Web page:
Sunday, October 31, 2010

Oatka Creek Park • October 31

It was a partially cloudy and cool morning birding hike in Oatka today. Today was a *very* birdy day! What's even more interesting is that as of a couple of days ago, someone must have flipped the "sparrow" switch to "off" in Oatka, as sparrows are now abruptly hard to find. A large group of juncos greeted me as I left the parking lot. There were a lot of very vocal chickadees and titmice, as well. A lone red-winged blackbird was singing in the marshy area. A fox sparrow popped up with the juncos at one point. I heard a white-throated sparrow, but it refused to come out of hiding. Moving into the woods, things quieted down until I reached Warbler Loop. Things picked up there with chickadees, jays, titmice, cardinals, woodpeckers, nuthatches, robins, and a couple more white-throats. Today's birding hotspot was Trout Run Trail down by the creek. As I reached the bridge and crossed over, I was struck with a strange sense of there being lots of interesting birds being around. (No, not in the roseate spoonbill sense.) :-) I quickly found a golden-crowned kinglet near eye level and engaged in another of my ongoing attempts to photograph this hyperactive bird. Then I found a brown creeper. I've been recently looking intently for brown creepers, as they are one of the birds I haven't been able to get a great picture of. As a result, of course, I haven't found any in a while. Well, today was Brown Creeper Day along Oatka Creek! I found four creepers along Trout Run Trail, and there may have been more. I didn't get my great picture, but I got one or two good pictures. Goldfinches and mallards brought me back to earth after a creeper photo frenzy or two. :-) I then found a winter wren and through the binoculars got the ideal perfect view. No obstructions, close, perfect pose. Of course, I couldn't switch to my camera fast enough before it was gone. It called for quite some time from cover, but never came back out into the open. On the way back from the end of the trail, I found many birds from species already mentioned. As I approached the bridge, a pair of purple finches landed in the large tree that overhangs the northern end of the bridge. The male was stunning in its full-body raspberry plumage. I presume the brown bird with it was a female, as they traveled as a pair. Shortly after that, it started to drizzle, so I cut the hike short and returned to the parking lot. Fun day!

Tufted titmouse

Fox sparrow

Tufted titmouse amidst poison ivy berries. Yum! :-D

Golden-crowned kinglet

Brown creeper

Brown creeper

Downy woodpecker

Downy woodpecker

Black-capped chickadee

Brown creeper

Brown creeper

Northern cardinal


American goldfinch

Location:     Oatka Creek Park
Observation date:     10/31/10
Number of species:     23

Canada Goose     50
Mallard     10
Ring-billed Gull     1
Red-bellied Woodpecker     8
Downy Woodpecker     5
Hairy Woodpecker     1
Northern Flicker     4
Blue Jay     7
American Crow     9
Black-capped Chickadee     17
Tufted Titmouse     9
White-breasted Nuthatch     6
Brown Creeper     4
Winter Wren     1
Golden-crowned Kinglet     1
American Robin     15
Fox Sparrow     1
White-throated Sparrow     7
Dark-eyed Junco     7
Northern Cardinal     3
Red-winged Blackbird     1
Purple Finch     2
American Goldfinch     9

This report was generated automatically by eBird v2(
http://ebird.org)

Oatka Creek Park • October 30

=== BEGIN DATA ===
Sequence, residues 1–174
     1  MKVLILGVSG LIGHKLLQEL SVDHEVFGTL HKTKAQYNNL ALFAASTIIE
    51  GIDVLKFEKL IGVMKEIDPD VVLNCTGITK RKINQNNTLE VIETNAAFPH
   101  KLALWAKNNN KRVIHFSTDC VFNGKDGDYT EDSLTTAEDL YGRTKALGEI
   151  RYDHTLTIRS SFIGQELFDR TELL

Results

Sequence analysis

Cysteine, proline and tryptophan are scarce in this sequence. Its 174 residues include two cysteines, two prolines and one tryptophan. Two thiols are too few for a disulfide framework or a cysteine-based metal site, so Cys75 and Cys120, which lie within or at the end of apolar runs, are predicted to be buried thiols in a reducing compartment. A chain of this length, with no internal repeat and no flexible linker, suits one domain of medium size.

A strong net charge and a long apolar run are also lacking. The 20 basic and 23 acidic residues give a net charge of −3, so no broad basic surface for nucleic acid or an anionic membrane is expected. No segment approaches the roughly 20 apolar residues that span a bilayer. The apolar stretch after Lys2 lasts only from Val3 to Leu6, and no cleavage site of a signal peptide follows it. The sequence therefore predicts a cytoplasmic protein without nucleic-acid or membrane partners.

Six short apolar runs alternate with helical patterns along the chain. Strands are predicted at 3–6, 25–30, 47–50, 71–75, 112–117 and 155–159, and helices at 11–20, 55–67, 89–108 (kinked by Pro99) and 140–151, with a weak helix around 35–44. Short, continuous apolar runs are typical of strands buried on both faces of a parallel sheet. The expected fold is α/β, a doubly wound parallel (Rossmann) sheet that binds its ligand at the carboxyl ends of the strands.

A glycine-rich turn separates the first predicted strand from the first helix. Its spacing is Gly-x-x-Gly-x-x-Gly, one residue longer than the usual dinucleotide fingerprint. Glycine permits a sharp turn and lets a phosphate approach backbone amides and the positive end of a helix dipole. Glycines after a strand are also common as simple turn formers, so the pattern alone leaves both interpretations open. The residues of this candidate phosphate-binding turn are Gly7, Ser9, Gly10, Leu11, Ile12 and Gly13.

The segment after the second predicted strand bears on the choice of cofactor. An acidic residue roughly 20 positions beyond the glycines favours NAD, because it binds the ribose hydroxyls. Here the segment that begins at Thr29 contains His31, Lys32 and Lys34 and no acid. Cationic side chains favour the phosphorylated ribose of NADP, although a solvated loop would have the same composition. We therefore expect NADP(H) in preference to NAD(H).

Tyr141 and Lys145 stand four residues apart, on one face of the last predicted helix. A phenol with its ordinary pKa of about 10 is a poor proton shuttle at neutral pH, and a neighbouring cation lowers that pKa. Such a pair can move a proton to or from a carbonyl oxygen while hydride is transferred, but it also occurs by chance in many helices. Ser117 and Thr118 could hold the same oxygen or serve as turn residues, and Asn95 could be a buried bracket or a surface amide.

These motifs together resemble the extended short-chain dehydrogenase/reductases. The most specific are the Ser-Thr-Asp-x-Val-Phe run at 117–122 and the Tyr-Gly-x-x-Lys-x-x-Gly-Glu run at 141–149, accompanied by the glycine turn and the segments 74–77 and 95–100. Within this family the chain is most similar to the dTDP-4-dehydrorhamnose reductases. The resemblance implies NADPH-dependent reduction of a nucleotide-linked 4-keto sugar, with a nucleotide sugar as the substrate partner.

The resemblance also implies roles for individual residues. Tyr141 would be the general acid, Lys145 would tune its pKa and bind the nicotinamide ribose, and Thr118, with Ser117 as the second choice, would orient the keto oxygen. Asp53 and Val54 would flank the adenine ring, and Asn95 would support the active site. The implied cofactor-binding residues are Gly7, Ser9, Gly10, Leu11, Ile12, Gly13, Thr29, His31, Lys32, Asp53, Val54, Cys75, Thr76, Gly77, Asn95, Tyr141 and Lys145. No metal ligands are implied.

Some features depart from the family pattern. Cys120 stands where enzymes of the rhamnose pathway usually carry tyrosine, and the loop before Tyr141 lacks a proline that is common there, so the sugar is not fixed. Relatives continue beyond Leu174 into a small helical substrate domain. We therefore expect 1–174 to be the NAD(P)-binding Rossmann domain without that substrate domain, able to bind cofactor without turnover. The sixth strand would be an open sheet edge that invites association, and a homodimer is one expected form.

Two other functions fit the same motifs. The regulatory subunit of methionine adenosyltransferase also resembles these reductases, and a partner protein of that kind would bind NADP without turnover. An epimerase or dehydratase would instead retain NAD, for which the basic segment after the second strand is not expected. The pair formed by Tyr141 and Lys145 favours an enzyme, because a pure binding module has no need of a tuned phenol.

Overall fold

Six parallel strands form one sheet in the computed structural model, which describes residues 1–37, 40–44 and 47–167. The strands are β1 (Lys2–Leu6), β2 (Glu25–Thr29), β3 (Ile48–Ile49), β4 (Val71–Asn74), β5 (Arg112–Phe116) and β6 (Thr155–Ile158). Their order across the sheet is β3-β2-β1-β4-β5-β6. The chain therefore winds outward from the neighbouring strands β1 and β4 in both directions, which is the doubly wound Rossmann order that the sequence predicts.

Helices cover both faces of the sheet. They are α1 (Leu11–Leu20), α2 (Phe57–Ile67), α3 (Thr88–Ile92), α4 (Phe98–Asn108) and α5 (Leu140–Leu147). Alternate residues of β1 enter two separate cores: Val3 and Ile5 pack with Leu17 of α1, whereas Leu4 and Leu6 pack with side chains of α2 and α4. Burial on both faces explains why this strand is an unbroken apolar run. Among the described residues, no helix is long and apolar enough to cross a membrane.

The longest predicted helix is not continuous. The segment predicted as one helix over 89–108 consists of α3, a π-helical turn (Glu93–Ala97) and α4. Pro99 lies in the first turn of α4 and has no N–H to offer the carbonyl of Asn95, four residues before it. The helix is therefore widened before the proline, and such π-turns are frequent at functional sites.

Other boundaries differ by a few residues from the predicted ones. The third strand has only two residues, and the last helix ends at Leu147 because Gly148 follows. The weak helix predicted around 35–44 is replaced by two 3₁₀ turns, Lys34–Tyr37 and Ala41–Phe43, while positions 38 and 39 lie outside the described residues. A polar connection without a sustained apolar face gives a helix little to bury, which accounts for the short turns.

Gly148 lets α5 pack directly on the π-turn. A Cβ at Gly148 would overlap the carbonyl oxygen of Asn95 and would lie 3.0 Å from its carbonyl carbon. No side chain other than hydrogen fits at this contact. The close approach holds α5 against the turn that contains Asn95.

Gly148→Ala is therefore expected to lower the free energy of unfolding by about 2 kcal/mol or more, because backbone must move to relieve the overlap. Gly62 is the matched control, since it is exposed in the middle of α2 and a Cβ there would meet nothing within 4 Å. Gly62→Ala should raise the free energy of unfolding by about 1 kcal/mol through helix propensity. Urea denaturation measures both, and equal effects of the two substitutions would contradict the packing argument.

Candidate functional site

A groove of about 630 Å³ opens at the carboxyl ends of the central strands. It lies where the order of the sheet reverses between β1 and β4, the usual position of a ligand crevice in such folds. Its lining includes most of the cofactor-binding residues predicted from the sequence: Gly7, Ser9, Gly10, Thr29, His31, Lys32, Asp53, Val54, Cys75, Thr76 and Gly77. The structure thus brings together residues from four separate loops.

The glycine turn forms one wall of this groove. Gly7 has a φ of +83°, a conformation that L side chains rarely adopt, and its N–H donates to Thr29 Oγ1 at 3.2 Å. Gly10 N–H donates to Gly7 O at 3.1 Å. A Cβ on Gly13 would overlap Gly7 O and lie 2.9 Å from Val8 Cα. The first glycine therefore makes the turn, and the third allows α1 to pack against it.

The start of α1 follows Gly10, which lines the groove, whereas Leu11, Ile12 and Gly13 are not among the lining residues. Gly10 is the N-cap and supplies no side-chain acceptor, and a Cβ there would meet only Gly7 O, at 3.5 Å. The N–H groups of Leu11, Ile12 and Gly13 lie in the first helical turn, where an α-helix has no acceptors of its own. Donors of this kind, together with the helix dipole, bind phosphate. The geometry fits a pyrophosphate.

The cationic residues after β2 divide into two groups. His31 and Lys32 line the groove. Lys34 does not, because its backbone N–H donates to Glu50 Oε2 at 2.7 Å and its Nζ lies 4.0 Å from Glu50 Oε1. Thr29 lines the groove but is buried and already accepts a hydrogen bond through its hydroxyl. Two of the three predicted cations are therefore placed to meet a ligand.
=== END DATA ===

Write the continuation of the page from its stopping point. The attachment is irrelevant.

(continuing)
After a quick refresh, part 2 of today's double-bill birding itinerary was an early afternoon hike in Oatka. When I got there, the parking lot was jammed to near capacity. I would learn that the girl scouts were having a event on the trails today. However, any concerns I had that this would disturb the birding opportunities were unfounded in practice. As I entered the woods and Black Billed Cuckoo Trail, I quickly came upon a pair of golden-crowned kinglets there were maybe four feet off the ground in the shorter foliage. It was not really windy at all today, despite the weather predictions. As I moved out into Warbler Loop, some of the usuals checked in, like cardinals, woodpeckers, and, of course, chickadees. However, not a single sparrow was in attendance. I eventually reached the creek and crossed over to Trout Run Trail, where I assumed the girls scouts would avoid due to the mud and difficulty. (Actually, I was *wrong*, but they took an easier side trail after crossing the bridge and we didn't really end up meeting along the creek.) The creek was pretty good birding today! I first found some mallards, and then a hairy woodpecker. After that, as I causally glanced at the far side of the creek, I see that directly across from me was a great blue heron doing a cattail impersonation! My first picture of the bird revealed a pose reminiscent of an American bittern. Eventually it turned its head to a more normal great blue orientation and gave me a great photo-op. I eventually moved on, then heard and then saw a pileated woodpecker, though it was too far away for a picture. At the end of the trail just prior to turning around, I heard then saw a kingfisher launching and flying upstream. On the way back, I found the heron again, and we played hike-and-seek for a bit until it found a great hiding place in some tall grasses on a tiny island in the creek. Continuing on to the bridge and back to the far side of the Loop, I had a quick look at an accipiter. It was totally silhouetted by the sun and moving at high speed, so I can only guess that it may have been a sharp-shinned hawk from the squarish end of its tail. (I didn't have time to look for a notch.) I heard my first robin while leaving the Loop on what would be a very light robin day. Moving through the fields of Black Billed Cuckoo Trail, I watched as two red-tailed hawks shared a thermal overhead. Finally reaching White Tail Trail, I had to move through a wave of girl scouts, but soon I had the bulk of the trail to myself. I was being to think this was going to be a sparrow shutout. I noticed a turkey vulture floating overhead, teetering on the gusts of wind. Near where White Tail meets up with Maple Hill, I suddenly heard a nondescript alarm call and a black bird flew up to an exposed perch above the tall shrubs. Up with the binoculars, and it was a rusty blackbird! Okay, it was now the final portion of White Tail Trail and still not a single sparrow on my list. With *a lot* of persistent spishing I finally found a single white-throated sparrow buried deep in the shrubbery. With that, I finished up what turned out to be a pretty good run!